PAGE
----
We chatted with the Punch Edibles team about their challenge-filled journey to becoming one of the most reputable edible companies found on Los Angeles dispensary shelves.
Prior to “the man” putting a 100-milligram cap on edibles after the medical marketplace had previously allowed products 10 times stronger, people still shopped for value in their edibles. The idea of getting the most bang for your buck when buying a cannabis-infused brownie or gummy bear was definitely a thing.
But prior to the cap, there were a few companies that really took potency to another level. Punch Edibles had firmly positioned themselves in that group in the buildup to legalization. Punch Edibles’ COO Michael Martinez chatted with us about the ups and downs of the years since.
“We started right at the tail end of 2013, but we’re a full seven years into the market at this point, being a previous Prop. 215 operator that was then able to transfer over into the new recreational side of things,” Martinez told L.A. Weekly. “It’s been a journey for sure.”
For many years, Punch felt like a very L.A.-centric brand. Edible enthusiasts from out of town would grab a few before they left. We asked Martinez what it’s been like to have the brand’s identity be so local as it now branches out across the state more.
“You know, it’s been one of the things that’s been to our benefit,” Martinez said. “Also, there was a period of time where it was kind of to our shortfall. The city of L.A. had a crazy licensing process and we ended up getting kind of held back for almost a year when rec finally first came about. But as a company, we’ve actually really wanted to put our anchor and base points here in the Los Angeles area.”
Martinez feels like from a long-term perspective, people are really going to care about not only their products coming from California, but being competitive in the industry as a whole in bigger cities like Los Angeles. Being a top chocolate producer in L.A. rather than a mystery town that decided to be pro-weed has a better ring to it.
The weed chocolate industry itself has been a bloodbath in recent years. I wouldn’t be surprised if the number of weed chocolate companies that came and went over the last decade approached triple digits. But the fierceness of the competition only makes what the survivors pulled off that much more impressive.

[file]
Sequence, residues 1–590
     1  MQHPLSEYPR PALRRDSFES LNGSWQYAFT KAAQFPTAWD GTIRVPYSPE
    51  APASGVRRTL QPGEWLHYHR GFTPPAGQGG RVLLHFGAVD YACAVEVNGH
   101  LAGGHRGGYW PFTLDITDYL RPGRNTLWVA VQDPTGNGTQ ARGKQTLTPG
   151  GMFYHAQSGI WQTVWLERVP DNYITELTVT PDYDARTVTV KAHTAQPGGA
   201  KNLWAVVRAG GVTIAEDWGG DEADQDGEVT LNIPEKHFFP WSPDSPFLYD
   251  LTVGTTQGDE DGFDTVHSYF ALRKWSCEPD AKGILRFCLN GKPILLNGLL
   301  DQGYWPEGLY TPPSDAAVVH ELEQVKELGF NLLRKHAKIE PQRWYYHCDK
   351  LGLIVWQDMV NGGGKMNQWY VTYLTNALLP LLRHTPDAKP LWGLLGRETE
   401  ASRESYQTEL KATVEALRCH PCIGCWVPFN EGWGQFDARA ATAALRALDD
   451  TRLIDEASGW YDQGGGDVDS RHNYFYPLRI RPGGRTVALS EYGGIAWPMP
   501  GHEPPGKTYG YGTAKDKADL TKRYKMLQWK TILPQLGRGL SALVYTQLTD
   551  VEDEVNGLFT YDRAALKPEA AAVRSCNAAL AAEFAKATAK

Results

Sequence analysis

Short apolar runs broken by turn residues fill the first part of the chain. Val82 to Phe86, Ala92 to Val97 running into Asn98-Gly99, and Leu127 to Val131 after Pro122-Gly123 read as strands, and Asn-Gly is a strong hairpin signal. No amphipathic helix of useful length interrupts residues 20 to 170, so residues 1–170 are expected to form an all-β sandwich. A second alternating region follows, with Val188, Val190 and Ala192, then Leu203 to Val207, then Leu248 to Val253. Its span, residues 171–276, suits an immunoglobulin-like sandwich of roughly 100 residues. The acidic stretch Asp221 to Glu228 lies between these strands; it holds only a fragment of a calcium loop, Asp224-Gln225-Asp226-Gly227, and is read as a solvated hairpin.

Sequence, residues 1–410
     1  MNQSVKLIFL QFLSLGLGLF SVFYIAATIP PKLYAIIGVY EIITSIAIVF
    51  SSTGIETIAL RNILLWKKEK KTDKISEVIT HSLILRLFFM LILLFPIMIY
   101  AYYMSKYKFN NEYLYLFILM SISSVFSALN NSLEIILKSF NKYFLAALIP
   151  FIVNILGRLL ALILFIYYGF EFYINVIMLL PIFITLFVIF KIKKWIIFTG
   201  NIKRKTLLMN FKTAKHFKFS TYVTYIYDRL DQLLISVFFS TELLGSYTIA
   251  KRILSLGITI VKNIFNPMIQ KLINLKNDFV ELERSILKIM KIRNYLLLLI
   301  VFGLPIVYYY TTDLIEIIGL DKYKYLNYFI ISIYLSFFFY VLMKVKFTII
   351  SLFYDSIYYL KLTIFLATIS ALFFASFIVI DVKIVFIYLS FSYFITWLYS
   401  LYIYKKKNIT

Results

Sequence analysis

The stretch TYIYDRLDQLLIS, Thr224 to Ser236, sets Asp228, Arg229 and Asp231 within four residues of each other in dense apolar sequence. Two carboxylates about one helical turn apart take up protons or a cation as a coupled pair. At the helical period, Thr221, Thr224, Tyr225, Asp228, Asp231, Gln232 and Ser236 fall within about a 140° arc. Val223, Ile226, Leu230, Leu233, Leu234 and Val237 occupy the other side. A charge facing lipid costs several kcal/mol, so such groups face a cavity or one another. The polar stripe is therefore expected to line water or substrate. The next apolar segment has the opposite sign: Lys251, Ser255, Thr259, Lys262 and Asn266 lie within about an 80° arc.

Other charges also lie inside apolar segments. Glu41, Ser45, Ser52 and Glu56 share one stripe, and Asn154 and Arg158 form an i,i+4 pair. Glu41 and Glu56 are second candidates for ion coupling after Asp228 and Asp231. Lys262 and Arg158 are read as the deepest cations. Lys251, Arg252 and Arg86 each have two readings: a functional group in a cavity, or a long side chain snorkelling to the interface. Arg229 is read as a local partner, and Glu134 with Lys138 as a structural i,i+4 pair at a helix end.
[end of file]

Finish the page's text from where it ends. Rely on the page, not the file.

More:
We asked Martinez how cool it was to be one of the survivors.
“I think one way to describe it is lucky,” Martinez replied. “Like you mentioned, it’s extremely competitive and I feel like my partners and I are just blessed that we built such a strong brand in the earliest stages of [Prop.] 215 and we’re fortunate enough to be a part of the licensing process when recreational came about.”
Martinez said while they were able to carry that brand into the recreational market it wasn’t like they were just making money hand over fist at first just because they were able to make the transition.
“There’s just now a mountain of competition that is coming into the place and into the field. We kind of quickly pivoted ourselves a little bit into not just being focused on being a chocolate company or an edible company as much as we have built a brand around,” Martinez said. “Our success from a financial standpoint, unfortunately, really couldn’t stand on just those legs.”
The biggest success story yet from the new-look lineup is the rosin.
“Obviously with the rosin that we’ve put out that’s been a big, big, big pull for us,” Martinez said. “We dabbled a little bit into some dry flower. We started doing pre-rolls here recently. And then we’re also going to be releasing some solventless vapes coming here in the near future as well. So really just trying to diversify ourselves just a little bit beyond just the edibles and chocolates.”
In the end though, Punch, be it extracts or edibles, has essentially had to build out the company twice. Once before legalization, where they lived up to their namesake, and again when the entire marketplace was capped at 100 milligrams.
“It was tough, man. I mean, I’ll be honest with you, like, when we were in the 215 days, I think we were in well over 350 shops, and were doing over almost a half a million dollars in just chocolate sales,” Martinez said. “And when we came into the recreational market, we were kind of capped in this 100-milligram category. It pretty much wiped our entire business off the face of the earth. We pretty much started at ground zero. And it was a pretty daunting uphill battle for us to regain a lot of our customer base.”
Despite the journey’s challenges and a few gray hairs, Martinez wouldn’t change a thing.
“I think the biggest thing we really want to let everybody know is that we are a legacy brand and we plan to be here for the long future and we’re excited,” Martinez said. “We’re excited to be a part of this industry just as much as everybody else is. We’re just normal guys, though. Out here just doing our thing and just feel blessed to be a part of it.”
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